For much of the 20th century, medical progress seemed limitless. Antibiotics revolutionized the care of infections. Vaccines turned deadly childhood diseases into distant memories. Americans lived longer, healthier lives than their parents. Yet today, some of the greatest success stories in public health are unraveling.
Even as the world struggles to control a mysterious new virus known as COVID-19, U.S. health officials are refighting battles they thought they had won, such as halting measles outbreaks, reducing deaths from heart disease and protecting young people from tobacco. These hard-fought victories are at risk as parents avoid vaccinating children, obesity rates climb, and vaping spreads like wildfire among teens.
Things looked promising for American health in 2014, when life expectancy hit 78.9 years. Then, life expectancy declined for three straight years — the longest sustained drop since the Spanish flu of 1918, which killed about 675,000 Americans and 50 million people worldwide, said Dr. Steven Woolf, a professor of family medicine and population health at Virginia Commonwealth University.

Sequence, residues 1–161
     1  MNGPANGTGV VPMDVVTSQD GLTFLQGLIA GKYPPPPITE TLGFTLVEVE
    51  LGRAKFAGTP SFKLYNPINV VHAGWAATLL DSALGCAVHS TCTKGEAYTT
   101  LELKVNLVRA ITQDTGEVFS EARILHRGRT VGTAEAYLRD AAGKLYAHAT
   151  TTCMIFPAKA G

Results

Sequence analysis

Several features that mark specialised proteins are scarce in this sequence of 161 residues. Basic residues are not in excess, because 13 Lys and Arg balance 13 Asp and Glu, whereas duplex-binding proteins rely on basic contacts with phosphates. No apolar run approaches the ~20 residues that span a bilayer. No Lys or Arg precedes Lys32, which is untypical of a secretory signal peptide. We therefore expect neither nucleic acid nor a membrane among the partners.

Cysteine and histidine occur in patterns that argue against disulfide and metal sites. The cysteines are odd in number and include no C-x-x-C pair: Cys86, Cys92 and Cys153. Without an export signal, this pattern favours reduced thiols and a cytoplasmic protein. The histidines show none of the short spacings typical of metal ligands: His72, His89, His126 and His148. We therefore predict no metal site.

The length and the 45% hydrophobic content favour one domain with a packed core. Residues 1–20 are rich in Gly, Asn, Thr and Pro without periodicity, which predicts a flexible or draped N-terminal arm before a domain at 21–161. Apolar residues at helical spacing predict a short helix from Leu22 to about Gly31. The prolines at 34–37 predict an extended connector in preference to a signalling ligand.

Although life expectancy inched up slightly in 2018, it hasn’t yet regained the lost ground, according to the Centers for Disease Control and Prevention.
“These trends show we’re going backwards,” said Dr. Sadiya Khan, an assistant professor of cardiology and epidemiology at Northwestern University Feinberg School of Medicine.
While the reasons for the backsliding are complex, many public health problems could have been avoided, experts say, through stronger action by federal regulators and more attention to prevention.